If Grafton spoke out of turn, it was that she made generalised comments on a sector of the publishing world she needs to understand a great deal more before leaping into the public arena. Alas, the same criticism could also be levelled at many writers entering self-publishing. The stinging rebukes Grafton was subjected to at least prompted her to engage with the community of writers she had offended and she learned a great deal in a very short space of time from the her last comment above.
Let’s back up a bit here before some things get lost in the fog of time and what I have observed over the past three weeks as being—at times—nothing more than self-publishing hissy-fits by some very, very precious authors. We should start with the theme of laziness, considering this was the accusation laid at the door of self-published authors by Grafton.
Firstly, this is the actual piece in the which sparked off the whole hoopla and the one I used to open this article. The online local newspaper ran an interview with Grafton written by journalist and author, Leslia Tash (the interviewer), though I’m still convinced many people across the blogsphere and other so-called reputable news outlets and online journals (as well as writing forums) who picked up the story actually bothered to fully read the original interview published on August 7th. Certainly, even less people read Leslia Tash’s follow-up piece on August 15th when Grafton asked if the journalist could allow her address the criticism aimed at her comments about self-published authors. Alison Flood, writing in the Guardian UK yesterday, at least presented a full perspective on the story by citing both LouisvilleKY pieces, more than can be said of many bloggers and—it seems—the very precious self-publishing fraternity. For me, that smacks of fighting an accusation of laziness with laziness itself.
It seems to me that Sue Grafton is no more guilty of firing out a generalised comment on an area of publishing she was ignorant of, than the same leap of ignorance many writers make when it comes to self-publishing a book—particularly their first one. Even the most ardent supporter of self-publishing will honestly accept that far too many books enter the market from writers who don’t appreciate the finer points on the craft of writing and publishing like; a good story well executed; professional editing and designed; and a physical or electronic product of quality and value for money. I hear some murmurings and cries of descent from the back…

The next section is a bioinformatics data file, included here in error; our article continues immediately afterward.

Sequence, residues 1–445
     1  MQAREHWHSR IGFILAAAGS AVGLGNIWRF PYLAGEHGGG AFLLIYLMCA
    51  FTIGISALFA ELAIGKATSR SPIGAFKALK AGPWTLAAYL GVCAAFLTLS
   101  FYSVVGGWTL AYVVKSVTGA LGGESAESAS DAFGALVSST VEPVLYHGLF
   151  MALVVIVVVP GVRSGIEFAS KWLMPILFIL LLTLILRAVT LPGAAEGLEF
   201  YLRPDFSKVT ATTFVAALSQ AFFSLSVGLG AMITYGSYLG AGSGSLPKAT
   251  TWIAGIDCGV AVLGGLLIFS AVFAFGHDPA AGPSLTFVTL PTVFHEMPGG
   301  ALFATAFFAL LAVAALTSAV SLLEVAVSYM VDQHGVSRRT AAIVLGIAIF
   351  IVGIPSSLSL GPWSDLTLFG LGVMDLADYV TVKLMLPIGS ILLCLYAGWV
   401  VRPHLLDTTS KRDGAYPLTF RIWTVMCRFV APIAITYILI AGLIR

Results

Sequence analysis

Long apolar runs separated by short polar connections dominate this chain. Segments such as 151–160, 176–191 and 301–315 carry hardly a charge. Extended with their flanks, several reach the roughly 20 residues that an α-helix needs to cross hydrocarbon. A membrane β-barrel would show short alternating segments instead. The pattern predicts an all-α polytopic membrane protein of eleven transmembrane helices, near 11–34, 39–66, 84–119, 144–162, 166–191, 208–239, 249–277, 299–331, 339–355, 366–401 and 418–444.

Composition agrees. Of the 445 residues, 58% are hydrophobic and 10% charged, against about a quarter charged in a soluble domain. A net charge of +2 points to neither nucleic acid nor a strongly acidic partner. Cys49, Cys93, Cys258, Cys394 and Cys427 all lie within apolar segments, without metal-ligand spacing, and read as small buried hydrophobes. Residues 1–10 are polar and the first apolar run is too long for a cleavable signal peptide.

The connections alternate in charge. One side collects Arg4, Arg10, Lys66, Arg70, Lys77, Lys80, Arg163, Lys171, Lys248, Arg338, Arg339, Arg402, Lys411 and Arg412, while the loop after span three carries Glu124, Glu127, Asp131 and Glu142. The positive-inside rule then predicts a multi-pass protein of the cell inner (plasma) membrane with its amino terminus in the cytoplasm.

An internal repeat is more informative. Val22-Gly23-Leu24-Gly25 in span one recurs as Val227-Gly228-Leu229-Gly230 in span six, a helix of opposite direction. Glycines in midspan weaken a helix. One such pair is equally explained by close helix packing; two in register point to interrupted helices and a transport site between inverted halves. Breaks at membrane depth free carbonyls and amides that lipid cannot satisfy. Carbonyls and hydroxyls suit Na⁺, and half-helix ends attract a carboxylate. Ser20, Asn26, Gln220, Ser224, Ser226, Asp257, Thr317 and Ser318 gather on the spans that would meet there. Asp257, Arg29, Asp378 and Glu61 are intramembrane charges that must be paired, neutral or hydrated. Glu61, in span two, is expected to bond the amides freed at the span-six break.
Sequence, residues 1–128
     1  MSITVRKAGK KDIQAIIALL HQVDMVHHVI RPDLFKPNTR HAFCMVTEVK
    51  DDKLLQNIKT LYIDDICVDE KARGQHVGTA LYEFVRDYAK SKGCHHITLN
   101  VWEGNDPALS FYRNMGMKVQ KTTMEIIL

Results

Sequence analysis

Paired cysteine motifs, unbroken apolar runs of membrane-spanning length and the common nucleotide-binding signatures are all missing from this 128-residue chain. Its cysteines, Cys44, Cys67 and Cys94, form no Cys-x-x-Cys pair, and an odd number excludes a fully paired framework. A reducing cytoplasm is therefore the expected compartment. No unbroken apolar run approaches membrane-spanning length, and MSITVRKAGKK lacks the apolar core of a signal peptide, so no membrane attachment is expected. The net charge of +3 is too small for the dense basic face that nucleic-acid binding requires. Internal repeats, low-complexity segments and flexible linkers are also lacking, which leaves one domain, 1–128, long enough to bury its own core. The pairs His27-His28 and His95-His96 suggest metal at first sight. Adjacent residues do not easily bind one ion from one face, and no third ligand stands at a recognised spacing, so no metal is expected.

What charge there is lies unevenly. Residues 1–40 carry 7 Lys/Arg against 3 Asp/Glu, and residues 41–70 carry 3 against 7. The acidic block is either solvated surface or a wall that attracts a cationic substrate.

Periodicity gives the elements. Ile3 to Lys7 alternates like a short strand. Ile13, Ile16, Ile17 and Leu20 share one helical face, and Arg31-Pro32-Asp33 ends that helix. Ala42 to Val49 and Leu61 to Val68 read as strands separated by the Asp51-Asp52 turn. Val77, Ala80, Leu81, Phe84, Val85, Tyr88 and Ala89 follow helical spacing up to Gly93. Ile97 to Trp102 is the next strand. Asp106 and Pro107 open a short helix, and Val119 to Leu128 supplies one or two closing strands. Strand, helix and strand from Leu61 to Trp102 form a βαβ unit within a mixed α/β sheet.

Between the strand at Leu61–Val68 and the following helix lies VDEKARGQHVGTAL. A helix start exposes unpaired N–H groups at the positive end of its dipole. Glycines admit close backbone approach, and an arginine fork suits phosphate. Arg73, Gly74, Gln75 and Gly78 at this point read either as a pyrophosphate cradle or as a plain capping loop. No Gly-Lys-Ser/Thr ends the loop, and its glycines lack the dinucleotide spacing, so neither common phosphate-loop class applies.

But publishing houses are the gatekeepers of quality?
But publishing houses put out shitty books too, with typos, bad stories, crappy formatting and at higher prices—it’s not fair!

No, it isn’t. And the point is…what? That good self-publishing is easy? Have you ever heard a really good successful self-published author say that without first trying to jump through the hoops and rejections of traditional publishing? People don’t often talk much about the rejections they have had experienced in life. It’s a human instinct of survival and self-preserve, but writers are one of a few who have turned it into a craft. Have you ever heard anyone say that self-publishing is a licence for every writer not to care about what makes a great book great or that getting a book to market should always take precedence over quality, editing, marketing etc? If you have read something along those lines—you certainly didn’t read it here at The Independent Publishing Magazine. Maybe you are reading too many John Locke or Joe Konrath success stories or reading and listening to too many words from author solutions service providers. No. The core mantra of every self-published author should be:


And, not,


What irks me so much about the hoopla over Sue Grafton’s comments on self-publishing—and to be fair, others have had their say as well in denigrating what self-publishing has to offer, like the recent comments by Jodi Picoult—is the way the self-publishing fraternity sees itself in the world of publishing. In many ways, some self-published authors see themselves as exclusive from the rules of good publishing, yet, believe—almost righteously—that they have a place within the world of publishing, without question. We can’t have it both ways. I’ve always believed that if you wish to break the rules—you must adhere and understand them to begin with. You have to join the club before you can leave it, or at least abide by the rules for a time. It might seem pedantic and simplistic, but it’s why Locke and Konrath are so successful at what they do. They learned over time what was both good and bad about self and traditional publishing before making their choices. They would both like us to believe they are playing the game by their rules—renegades—with two fingers up to what is the established method of publishing tradition, when in reality, both are driven by the same commercial ethos in most publishing houses. The trick of success is making others believe you are riding the special horse in the race and build your brand on that perception. It’s a marketing game where you sell ideas and not just books.